Mutual Funds

Birla Sun Life Dyanamic Bond Fund: Rides market cycles dynamically

Radhika Merwin | Updated on January 16, 2018 Published on October 15, 2016



The fund scores with right calls on rate movements

With the 25-basis-point rate cut in the recent October policy, the RBI has lowered its key policy repo rate by a sizeable 175 basis points since January 2015.

While the latest cut by the RBI can lead to the yield on the 10-year government bonds moving south, a sharp fall similar to the one seen in recent months is unlikely.

From 7.7 per cent levels at the beginning of this year, yield on the 10-year G-Sec has fallen to 6.7 per cent levels.

Gilt funds, which primarily invest in government bonds, have made hay, delivering 12-13 per cent returns this year.

Here on, however, the rally in bonds could be limited on several counts.

For one, as we near the end of the rate easing cycle, markets are likely to factor in current rates rather than future expectations and this should limit the downside in bond yields.

Also, much of the rally this year has been due to the RBI’s open market operations (OMOs) — buying of government bonds — since the April policy.

This helped in sucking out the excess supply of government bonds, leading to bond prices moving up and yields lower. It is unlikely that OMOs will happen at a similar pace, going ahead.

Given all these uncertainties, it may be a good idea for investors to consider dynamic funds that can switch between short-term and long-term debt instruments. Birla Sun Life Dynamic Bond Fund is one such fund that has deftly managed to switch between bonds of varying duration.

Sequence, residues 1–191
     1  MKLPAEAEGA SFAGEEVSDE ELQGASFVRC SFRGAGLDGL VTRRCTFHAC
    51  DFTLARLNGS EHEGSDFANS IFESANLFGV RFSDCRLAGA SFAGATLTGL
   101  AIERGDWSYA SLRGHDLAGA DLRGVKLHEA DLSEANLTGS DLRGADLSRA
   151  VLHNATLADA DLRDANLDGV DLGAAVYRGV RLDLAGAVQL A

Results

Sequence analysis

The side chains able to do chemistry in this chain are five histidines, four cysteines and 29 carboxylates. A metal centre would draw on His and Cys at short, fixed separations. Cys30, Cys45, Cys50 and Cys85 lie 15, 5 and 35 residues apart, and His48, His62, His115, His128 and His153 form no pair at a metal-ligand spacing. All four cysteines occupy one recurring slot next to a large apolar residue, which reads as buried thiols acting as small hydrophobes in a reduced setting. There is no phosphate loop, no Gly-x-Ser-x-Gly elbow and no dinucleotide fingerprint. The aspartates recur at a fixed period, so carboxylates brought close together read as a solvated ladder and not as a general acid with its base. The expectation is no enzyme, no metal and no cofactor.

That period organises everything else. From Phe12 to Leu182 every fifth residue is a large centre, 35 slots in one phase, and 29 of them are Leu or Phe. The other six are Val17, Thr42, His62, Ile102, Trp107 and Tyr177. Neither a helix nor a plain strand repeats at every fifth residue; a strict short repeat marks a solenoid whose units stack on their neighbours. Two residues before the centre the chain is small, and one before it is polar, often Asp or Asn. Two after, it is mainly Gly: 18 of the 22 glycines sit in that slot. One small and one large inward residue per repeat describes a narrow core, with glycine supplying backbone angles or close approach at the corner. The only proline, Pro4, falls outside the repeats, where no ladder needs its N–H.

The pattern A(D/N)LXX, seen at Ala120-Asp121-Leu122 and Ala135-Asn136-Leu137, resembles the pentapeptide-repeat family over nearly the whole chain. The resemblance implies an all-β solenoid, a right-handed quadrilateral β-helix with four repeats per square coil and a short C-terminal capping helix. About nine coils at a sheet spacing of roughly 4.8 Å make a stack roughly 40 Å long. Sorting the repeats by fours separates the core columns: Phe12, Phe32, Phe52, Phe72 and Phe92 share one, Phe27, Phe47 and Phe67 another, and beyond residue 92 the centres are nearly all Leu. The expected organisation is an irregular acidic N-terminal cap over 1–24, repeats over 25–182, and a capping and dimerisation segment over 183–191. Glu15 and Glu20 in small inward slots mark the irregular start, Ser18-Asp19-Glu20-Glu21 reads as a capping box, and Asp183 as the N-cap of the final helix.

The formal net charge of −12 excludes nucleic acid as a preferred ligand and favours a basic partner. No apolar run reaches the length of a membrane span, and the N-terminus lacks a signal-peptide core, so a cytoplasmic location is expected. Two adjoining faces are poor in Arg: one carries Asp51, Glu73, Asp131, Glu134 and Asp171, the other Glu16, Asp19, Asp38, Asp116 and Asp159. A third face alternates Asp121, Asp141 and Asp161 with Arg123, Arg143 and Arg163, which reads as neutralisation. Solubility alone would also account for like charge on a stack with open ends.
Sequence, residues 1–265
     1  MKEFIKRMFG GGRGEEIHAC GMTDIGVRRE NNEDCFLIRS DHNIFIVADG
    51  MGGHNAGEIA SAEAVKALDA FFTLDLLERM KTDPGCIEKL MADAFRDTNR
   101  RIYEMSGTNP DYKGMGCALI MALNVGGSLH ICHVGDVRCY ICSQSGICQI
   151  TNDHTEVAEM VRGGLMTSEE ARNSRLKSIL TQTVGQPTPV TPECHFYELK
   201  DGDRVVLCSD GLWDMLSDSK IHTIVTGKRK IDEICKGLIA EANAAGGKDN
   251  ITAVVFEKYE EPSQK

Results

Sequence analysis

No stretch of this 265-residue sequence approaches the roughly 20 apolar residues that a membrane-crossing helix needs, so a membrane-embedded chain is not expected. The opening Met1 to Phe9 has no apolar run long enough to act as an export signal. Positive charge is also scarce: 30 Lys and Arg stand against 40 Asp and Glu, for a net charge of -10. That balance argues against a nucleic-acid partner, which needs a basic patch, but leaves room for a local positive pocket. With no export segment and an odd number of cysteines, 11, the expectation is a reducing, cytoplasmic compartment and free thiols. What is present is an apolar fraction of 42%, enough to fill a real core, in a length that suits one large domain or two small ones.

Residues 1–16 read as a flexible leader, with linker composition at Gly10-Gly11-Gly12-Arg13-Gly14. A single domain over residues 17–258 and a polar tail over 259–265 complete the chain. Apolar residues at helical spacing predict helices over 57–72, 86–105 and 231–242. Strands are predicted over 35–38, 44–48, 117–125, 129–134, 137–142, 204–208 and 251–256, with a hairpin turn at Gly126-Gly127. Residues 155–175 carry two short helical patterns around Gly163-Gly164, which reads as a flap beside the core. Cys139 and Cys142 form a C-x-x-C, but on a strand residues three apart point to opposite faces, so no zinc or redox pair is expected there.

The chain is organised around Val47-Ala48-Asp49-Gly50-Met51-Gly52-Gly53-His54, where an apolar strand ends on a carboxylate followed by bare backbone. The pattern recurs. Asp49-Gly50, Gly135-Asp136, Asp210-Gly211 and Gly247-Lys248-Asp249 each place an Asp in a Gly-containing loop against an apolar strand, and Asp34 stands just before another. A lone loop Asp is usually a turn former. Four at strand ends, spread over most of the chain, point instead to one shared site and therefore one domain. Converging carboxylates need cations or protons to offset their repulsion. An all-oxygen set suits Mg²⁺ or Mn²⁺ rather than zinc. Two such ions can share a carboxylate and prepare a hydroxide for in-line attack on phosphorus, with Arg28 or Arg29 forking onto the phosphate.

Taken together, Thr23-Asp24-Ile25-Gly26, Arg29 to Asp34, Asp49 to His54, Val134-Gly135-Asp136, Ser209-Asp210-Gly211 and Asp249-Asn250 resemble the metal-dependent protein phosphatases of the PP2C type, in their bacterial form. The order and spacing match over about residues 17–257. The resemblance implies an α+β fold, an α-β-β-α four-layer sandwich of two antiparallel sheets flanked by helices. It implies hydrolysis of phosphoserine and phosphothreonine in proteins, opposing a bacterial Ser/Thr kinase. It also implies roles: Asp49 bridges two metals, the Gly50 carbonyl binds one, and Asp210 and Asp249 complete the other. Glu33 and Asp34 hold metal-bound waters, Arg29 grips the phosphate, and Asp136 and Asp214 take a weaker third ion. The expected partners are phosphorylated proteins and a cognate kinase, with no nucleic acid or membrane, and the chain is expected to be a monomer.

The fund has beaten its category across time periods and rate cycles, thus hogging the top quartile slot within its category. Over a three- and five-year period, the fund has delivered a healthy 11-12 per cent return, beating its category by 1.5-2 percentage points.

Juggling rate cycles

Birla Sun Life Dynamic Bond Fund’s ability to alter its duration finds more relevance in the current scenario, given the uncertainty over the timing of the RBI’s next rate cut.

As longer-duration bonds are more sensitive to interest rates, the fund manager increases or decreases the duration of the fund, depending on the interest rate scenario.

In the past, Birla Sun Life Dynamic has managed to make the best of bond rallies as well as cap losses, by making the right calls on rate movements and tweaking its duration.

In the period between March 2010 and October 2011, when the RBI increased its policy rate by a sharp 375 basis points, the fund managed to deliver a healthy 11 per cent return.

It also managed to keep its losses under check during the July 2013 liquidity tightening phase which saw rates spike. The fund lost about 2.9 percentage points between May and August 2013 when many other funds shed 4-6 percentage points.

In the 2014 bond rally, the fund outperformed its category by a wide margin, raking in nearly 15 per cent gains by upping its duration through the year.

From about 2.5 years in the beginning of 2014, the fund increased its duration to five to six years by the end of the year. While the fund trimmed its duration initially in 2015, it gradually increased it going into 2016. This has helped it register a handsome gain of 13 per cent over the past year, about two percentage points higher than the category average.


Over the last two years, the fund has mostly invested about 65-75 per cent of its portfolio in government bonds. It currently holds about 67 per cent in G-Secs and about 29 per cent in corporate bonds. Currently, 19.5 per cent of its portfolio is in AA rated bonds.

Published on October 15, 2016
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